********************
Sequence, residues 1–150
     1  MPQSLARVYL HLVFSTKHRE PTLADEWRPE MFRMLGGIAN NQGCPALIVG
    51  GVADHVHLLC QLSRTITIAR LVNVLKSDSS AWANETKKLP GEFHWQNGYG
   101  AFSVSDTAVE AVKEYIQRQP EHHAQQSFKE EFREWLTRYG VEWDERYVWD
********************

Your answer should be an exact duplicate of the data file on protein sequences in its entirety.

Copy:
Sequence, residues 1–150
     1  MPQSLARVYL HLVFSTKHRE PTLADEWRPE MFRMLGGIAN NQGCPALIVG
    51  GVADHVHLLC QLSRTITIAR LVNVLKSDSS AWANETKKLP GEFHWQNGYG
   101  AFSVSDTAVE AVKEYIQRQP EHHAQQSFKE EFREWLTRYG VEWDERYVWD